Dear Dr. David:

I have two children from a previous marriage, and two children from my current marriage. My problem is this: I feel like my husband treats his two natural children with preference over my children, even though he has raised my children like his own. When I confront my husband on his actions, he becomes defensive. He denies treating my children any different than his own. My children often come to me to complain about his actions, so I know how they feel and it is causing marriage problems. What can I do to solve this problem? It is beginning to tear us apart. ~ Rebecca

Dear Rebecca:

Family life is challenging, and perhaps even more so if it is a stepfamily. You are discovering that the blending of two families is more than a happy couple in love. It involves children, and often two different sets of parents.

Your first task is to develop a thorough understanding of stepfamilies. A little knowledge, on everyone’s part, can go a long ways. You don’t say whether you had premarital counseling, but this might be a time to seek family counseling for assistance on the blending of families. Here are a few additional guidelines.

First, expect conflicting loyalties, on everyone’s part. It is perfectly natural for your husband to feel differently about his children, and your children. While you might want him to treat the children exactly the same, this is not likely to happen.

Second, discuss your problem openly, objectively. The objective part is the biggest challenge. You undoubtedly want to rush in to protect your older children. And they rush to you for protection. If possible, your older children will need to learn to talk to your husband about their feelings, rather than "triangulate" you into taking sides against him. This is a scenario for problems.

Third, discuss matters of discipline together. Since you indicate your husband has been the primary parent for your children, you and he need to agree, if possible, on how to handle matters of discipline for the entire family. If this simply is not possible, you may have to arrange for you to take the lead in disciplining your children.

Fourth, make a concerted effort to keep family stresses from causing significant problems in your marriage. Make sure to continue doing things alone with your husband, keeping your marriage strong. You and he will be together long after the children are gone.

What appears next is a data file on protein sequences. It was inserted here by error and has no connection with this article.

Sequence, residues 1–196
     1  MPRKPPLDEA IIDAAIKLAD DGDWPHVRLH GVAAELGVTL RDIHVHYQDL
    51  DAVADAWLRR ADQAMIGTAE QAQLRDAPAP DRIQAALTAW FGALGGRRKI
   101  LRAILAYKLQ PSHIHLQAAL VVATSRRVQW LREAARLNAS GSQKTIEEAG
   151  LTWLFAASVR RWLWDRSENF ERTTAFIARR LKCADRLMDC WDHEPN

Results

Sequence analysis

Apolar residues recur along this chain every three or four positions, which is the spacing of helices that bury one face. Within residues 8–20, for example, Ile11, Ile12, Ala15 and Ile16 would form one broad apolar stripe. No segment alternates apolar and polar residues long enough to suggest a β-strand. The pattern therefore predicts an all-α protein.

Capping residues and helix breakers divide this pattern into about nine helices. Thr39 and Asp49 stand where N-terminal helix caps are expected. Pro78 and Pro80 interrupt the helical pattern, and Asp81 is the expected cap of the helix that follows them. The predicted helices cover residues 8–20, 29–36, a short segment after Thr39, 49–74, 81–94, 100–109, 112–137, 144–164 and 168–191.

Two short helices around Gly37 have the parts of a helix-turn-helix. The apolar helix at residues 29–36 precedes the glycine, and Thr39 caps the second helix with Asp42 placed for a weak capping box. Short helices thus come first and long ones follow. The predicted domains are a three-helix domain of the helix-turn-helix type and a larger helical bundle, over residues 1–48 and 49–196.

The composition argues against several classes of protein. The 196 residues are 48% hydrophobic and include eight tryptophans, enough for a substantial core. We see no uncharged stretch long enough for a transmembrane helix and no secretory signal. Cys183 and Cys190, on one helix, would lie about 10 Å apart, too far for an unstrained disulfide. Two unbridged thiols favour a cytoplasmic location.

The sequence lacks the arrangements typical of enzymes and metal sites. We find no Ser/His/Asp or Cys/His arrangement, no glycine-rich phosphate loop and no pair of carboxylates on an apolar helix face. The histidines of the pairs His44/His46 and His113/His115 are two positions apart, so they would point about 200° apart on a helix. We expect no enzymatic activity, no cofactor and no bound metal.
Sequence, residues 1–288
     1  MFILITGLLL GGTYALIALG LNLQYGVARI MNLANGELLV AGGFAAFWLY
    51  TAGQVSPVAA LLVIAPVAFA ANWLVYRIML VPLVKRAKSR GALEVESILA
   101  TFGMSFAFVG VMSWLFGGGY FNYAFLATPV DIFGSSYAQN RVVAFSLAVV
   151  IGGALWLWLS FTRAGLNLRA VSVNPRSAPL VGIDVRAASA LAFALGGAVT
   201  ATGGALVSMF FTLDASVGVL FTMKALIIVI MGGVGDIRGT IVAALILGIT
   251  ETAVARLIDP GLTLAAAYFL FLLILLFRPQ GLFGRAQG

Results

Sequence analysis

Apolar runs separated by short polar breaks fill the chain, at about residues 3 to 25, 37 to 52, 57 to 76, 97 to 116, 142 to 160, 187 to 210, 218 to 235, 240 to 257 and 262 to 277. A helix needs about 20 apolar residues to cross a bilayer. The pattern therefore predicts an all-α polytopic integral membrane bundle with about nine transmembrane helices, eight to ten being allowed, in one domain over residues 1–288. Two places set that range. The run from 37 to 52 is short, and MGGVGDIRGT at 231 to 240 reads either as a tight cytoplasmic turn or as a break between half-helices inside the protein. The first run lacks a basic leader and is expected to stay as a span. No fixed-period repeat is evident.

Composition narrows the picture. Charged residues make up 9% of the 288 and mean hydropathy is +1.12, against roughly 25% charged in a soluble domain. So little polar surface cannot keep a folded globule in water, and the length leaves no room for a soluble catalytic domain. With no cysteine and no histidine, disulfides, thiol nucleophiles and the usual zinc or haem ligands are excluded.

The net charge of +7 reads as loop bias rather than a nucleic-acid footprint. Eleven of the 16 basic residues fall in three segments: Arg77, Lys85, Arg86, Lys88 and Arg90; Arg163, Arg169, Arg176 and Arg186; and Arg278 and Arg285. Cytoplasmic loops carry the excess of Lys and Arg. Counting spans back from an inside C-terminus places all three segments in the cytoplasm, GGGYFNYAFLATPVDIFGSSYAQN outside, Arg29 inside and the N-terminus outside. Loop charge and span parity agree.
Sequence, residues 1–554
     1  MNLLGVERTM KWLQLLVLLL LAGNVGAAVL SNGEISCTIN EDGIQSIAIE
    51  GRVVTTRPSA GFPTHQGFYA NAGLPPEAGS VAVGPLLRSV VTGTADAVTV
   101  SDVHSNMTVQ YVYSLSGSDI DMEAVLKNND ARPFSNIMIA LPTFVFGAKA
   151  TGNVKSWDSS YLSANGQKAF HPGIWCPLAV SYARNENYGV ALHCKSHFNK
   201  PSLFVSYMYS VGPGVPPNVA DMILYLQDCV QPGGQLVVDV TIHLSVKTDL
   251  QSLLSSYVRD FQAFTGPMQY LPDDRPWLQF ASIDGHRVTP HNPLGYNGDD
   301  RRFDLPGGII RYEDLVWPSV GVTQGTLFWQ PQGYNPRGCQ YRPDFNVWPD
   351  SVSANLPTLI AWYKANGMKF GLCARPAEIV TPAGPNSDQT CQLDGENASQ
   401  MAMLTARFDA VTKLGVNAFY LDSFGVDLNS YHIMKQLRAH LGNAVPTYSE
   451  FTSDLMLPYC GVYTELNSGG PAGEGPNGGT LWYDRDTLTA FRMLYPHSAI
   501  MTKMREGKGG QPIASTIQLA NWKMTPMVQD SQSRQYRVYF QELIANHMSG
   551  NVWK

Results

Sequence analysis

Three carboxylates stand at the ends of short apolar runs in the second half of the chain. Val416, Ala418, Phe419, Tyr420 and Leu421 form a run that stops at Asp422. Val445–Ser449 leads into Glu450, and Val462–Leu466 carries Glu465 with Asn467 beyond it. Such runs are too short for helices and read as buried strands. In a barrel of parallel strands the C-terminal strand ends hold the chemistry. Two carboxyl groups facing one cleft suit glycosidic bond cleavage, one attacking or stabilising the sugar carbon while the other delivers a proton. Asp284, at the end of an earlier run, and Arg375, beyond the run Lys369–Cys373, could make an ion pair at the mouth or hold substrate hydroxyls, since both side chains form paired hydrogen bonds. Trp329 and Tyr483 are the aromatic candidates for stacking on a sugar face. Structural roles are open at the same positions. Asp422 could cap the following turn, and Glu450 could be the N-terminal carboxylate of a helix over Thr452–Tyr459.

Fifth, create opportunities for you and he to talk about the children, all four of them. Make it clear to the children that you and your husband are united and will tackle problems as a team. Practicing this with your husband will help solidify your united efforts. Instead of one of you being "right," and the other "wrong," brainstorm win-win solutions.

Finally, remind yourselves that God is still blessing your family. It can be tempting to believe that a stepfamily is a second class family. A thorough reading of the Old Testament shows that none of the Old Testament families were perfect. They had all the problems we have today and yet God still blessed them. God still has a purpose to fulfill in your family.

Dear Dr. David:

I have a friend who wants to be my friend when it benefits her. Whenever she wants something she calls me and I am always quick to help, even though it sacrifices time for me and my family. However, when I need something, her life is always too chaotic to be of any help to me. I have given up asking any help for her, but find myself resenting her. The same thing seems to happen with my mother. When she is upset she calls me and I jump to her help. I often spend hours on the phone listening to her latest problems and then she doesn’t listen to me. When I want to talk about my problems, she is too busy for me. Any advice? ~ Always Helpful